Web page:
Yet an optimistic qualification is offered at the beginning of Ecclesiastes 3:11: God “has made everything beautiful in its time.” The Hebrew word rendered “beautiful” could also be translated as “fitting,” as in 5:18 (NKJV), though “beautiful” would work there as well. Some take Ecclesiastes 3:11 to mean that each incident is appropriate at its given time. That could be. Yet the “everything” here, tying back to verse 1, would seem to indicate the whole. Solomon is likely saying that when all is said and done, God’s ordering of circumstances, even negative ones, leads to a beautiful work in the end. We find a New Testament parallel in Romans 8:28: “And we know that all things work together for good to those who love God, to those who are the called according to His purpose.” This includes circumstances before one’s calling—and the verse here will eventually apply to the human race as a whole. Solomon intends by his qualification to tell us that if we can accept our lives as ultimately the work of God, aiming toward a meaningful and beautiful result, even the difficult parts will be bearable.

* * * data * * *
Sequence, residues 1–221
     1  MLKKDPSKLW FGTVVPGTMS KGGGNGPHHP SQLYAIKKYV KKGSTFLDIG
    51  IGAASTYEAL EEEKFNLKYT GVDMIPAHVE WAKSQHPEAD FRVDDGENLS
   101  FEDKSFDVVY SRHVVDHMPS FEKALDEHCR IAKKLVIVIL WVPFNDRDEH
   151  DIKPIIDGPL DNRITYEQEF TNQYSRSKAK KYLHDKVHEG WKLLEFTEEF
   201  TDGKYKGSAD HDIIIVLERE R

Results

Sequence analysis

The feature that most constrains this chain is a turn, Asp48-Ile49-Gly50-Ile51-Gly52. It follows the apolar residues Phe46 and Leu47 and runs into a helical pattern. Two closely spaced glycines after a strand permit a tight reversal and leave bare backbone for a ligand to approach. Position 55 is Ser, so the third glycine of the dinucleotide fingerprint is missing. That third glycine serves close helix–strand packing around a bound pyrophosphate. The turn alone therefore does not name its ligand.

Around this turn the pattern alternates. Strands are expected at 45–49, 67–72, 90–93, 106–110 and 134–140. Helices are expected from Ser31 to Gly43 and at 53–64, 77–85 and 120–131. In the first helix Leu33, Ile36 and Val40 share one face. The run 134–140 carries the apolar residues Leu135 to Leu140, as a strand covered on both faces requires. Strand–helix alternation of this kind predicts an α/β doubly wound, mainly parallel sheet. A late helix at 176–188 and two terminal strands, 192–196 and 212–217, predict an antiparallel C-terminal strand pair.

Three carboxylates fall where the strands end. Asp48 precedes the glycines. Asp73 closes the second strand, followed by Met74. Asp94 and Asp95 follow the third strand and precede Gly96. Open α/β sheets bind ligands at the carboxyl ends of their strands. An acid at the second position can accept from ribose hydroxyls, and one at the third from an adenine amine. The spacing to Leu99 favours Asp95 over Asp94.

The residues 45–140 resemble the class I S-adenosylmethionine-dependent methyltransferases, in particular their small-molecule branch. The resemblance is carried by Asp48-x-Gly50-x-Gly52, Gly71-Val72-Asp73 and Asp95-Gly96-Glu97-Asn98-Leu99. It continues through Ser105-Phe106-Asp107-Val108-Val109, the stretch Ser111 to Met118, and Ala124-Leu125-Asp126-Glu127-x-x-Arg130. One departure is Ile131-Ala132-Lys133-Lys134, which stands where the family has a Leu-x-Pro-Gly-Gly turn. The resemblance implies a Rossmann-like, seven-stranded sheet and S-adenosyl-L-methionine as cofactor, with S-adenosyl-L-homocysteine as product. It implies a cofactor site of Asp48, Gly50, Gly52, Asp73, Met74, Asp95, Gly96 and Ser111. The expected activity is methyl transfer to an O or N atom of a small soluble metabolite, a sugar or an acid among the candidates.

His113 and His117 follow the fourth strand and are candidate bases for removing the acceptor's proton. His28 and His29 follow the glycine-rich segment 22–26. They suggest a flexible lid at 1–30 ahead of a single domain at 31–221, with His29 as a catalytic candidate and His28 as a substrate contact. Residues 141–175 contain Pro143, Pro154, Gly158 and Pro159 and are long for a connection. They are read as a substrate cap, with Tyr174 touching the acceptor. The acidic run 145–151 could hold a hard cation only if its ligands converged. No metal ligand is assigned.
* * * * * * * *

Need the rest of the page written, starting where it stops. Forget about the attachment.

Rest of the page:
But he then presents a counterqualification in the second part of Ecclesiastes 3:11. God has put within people’s hearts a desire for eternity and for comprehending all the reasons for life’s twists and turns—but we can’t figure it out. So we can’t be content with just accepting life as it is. The New American Commentary notes on this verse: “We feel like aliens in the world of time and yearn to be part of eternity. We feel the need for ourselves and our work to be eternal and yet are grieved to be trapped in time. We also desire to understand our place in the universe against the backdrop of eternity. But we cannot find out what God has done from beginning to end. That is, we are not able to discern any plan or pattern to all of this. God’s purposes are outside our realm of control or investigation.” As Isaiah 55:8-9 tells us: “‘For My thoughts are not your thoughts, nor are your ways My ways,’ says the LORD. ‘For as the heavens are higher than the earth, so are My ways higher than your ways, and My thoughts than your thoughts.’” We just cannot grasp all the reasons for everything God brings about or allows to happen. We do not have the broad overview He does, seeing all the interrelations He sees and understanding all His manifold intents in any given circumstance.